Scan Display’s solution to Cape Town water shortages

Cape Town’s population has grown by 55% since 1995, while dam storage has only grown by 15% in the same period, reports the news agency GroundUp. So while Cape Town has previously experienced lower levels of rainfall compared to the past two years, the pressure the city is under to supply water is greater than ever before. Add to this the likelihood that climate change is impacting rainfall patterns, and increased water scarcity is most likely going to be the new normal in this region.

In light of this, some businesses have decided to proactively find alternatives to relying on the overburdened municipal water supply – such as Scan Display, a national exhibition, events and retail display specialist.

The company has adopted various sustainable practices and technologies over the past few years. These include implementing waste recycling, procuring environmentally-friendly cleaning products nationally, training staff on ‘greening’, renovating the Johannesburg and Cape Town production facilities to increase the use of natural lighting, and powering the Johannesburg office with solar panels. More recently, the Cape Town branch has implemented a rainwater harvesting system.

“It is important to us to be cognisant of our resources – whether they are abundant or scarce – in a way that is sustainable to the economic development of the province,” says Jane Steel, Sales Manager for Scan Display Cape Town. “In light of our many other greening initiatives, our commitment to using water responsibly was a natural development for us.”

Tashreeq Benjamin is a Quantity Surveyor at Scan Display Cape Town. He took on the task of finding an effective long-term water solution for the company. He explains, “We opted for rainwater harvesting instead of pumping water from a borehole for two reasons: Firstly, we have a huge roof area, so we have a catchment advantage. Secondly, pumping requires energy to pull water from the ground, filter it, and then an additional booster pump is needed to send the water to its various outlets for usage. This means three pumps are needed in total. So, going for rainwater harvesting is both greener and more cost-effective than the alternative.”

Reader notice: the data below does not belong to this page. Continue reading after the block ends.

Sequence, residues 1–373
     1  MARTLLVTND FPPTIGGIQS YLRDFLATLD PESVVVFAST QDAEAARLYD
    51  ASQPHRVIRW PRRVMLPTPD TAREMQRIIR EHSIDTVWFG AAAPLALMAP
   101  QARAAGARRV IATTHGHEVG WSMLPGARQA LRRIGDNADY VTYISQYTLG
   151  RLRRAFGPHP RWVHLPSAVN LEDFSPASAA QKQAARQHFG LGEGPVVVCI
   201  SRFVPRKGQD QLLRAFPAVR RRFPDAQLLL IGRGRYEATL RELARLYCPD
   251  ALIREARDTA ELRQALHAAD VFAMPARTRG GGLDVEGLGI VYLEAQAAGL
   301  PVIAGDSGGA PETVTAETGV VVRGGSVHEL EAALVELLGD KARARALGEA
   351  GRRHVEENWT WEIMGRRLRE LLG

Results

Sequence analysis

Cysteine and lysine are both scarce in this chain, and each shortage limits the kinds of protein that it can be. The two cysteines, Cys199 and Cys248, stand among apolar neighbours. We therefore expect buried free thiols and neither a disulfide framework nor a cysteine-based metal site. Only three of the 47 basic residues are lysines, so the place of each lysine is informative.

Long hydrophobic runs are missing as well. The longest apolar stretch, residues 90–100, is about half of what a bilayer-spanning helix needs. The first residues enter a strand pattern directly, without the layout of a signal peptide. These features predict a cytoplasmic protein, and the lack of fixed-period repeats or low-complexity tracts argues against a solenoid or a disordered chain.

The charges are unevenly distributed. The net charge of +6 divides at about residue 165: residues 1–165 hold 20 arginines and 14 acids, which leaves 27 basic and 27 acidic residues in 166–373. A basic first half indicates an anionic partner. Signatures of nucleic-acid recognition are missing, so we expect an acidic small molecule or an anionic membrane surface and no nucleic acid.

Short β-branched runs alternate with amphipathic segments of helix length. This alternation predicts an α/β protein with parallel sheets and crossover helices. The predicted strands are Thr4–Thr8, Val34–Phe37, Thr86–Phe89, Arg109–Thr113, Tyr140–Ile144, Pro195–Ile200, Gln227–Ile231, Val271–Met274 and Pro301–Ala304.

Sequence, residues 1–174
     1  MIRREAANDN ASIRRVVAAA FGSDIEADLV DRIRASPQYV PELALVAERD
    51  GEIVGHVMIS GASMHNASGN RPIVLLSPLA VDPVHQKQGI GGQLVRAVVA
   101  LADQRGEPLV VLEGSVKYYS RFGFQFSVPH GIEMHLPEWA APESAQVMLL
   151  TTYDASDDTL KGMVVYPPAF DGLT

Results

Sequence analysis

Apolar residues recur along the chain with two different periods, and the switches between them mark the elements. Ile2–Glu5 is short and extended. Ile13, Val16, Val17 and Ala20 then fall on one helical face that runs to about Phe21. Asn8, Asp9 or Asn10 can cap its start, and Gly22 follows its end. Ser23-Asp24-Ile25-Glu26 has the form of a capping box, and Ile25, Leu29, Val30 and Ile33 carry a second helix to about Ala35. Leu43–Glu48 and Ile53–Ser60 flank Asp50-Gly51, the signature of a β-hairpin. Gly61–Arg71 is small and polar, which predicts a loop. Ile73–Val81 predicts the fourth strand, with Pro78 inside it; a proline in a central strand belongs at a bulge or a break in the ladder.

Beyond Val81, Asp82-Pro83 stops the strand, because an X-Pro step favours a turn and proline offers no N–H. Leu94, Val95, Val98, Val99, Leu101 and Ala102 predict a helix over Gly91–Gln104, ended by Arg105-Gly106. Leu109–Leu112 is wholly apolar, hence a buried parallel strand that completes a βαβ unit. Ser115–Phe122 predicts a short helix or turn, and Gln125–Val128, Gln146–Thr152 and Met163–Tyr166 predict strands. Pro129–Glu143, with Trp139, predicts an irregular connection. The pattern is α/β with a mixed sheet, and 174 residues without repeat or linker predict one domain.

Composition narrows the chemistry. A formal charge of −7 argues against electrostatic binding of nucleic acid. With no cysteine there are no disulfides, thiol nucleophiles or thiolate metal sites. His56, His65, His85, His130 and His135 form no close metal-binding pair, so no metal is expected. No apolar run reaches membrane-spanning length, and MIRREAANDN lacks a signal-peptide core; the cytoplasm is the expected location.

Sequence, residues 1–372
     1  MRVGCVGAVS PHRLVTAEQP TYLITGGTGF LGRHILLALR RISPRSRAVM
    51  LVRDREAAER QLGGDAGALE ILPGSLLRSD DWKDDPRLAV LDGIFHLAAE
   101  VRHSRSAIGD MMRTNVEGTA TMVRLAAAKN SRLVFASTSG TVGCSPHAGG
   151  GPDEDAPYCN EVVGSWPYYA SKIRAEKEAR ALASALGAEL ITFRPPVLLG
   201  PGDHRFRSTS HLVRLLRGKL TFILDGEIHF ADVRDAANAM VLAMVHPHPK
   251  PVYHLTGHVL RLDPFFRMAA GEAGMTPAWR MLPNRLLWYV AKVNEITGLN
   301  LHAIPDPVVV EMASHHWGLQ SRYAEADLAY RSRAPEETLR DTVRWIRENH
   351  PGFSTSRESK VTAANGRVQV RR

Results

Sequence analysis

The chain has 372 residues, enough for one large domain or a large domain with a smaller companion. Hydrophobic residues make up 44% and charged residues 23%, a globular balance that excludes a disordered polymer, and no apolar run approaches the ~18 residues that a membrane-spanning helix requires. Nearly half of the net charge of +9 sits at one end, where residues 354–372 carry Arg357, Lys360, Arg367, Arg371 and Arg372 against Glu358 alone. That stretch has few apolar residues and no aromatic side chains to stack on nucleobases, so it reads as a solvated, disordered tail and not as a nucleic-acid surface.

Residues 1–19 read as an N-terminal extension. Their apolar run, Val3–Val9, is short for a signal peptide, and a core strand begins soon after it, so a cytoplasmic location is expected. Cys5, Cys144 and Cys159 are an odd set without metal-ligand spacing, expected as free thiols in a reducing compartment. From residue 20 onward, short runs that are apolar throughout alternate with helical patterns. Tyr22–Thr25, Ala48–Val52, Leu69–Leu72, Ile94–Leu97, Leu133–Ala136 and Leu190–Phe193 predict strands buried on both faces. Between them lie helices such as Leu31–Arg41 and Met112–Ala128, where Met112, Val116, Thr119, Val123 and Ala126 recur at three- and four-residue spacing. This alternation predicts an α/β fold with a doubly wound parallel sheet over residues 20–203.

Two 5 000 litre tanks are now set up to collect run-off from a 780m² section of the warehouse roof. After one tank is full, a switch is triggered to fill the second tank. The tanks connect to the building in such a way that the water is available by simply turning on a tap. The smallest possible pump is used to power the water flow throughout the building, to ensure minimal energy consumption.

“A single day with 15ml of rainfall will fill both tanks. This supplies us with enough water to use for our production requirements, cleaning and ablutions for a two-week period,” says Benjamin. “Since we’ve installed it a month ago, we have not used any municipal water.”

“Rainwater harvesting is a great way to use Mother Nature to pay the bills!” he adds.

The long-term goal for the company is to become self-sufficient for all water requirements. To do this, they will install more tanks to capture water from the total roof area, which is an additional footprint of 1 560m2 (double what is currently being used). And, because the roof contains asbestos, a reverse osmosis water filtration system will be installed to purify the collected rainwater so that it is safe to drink.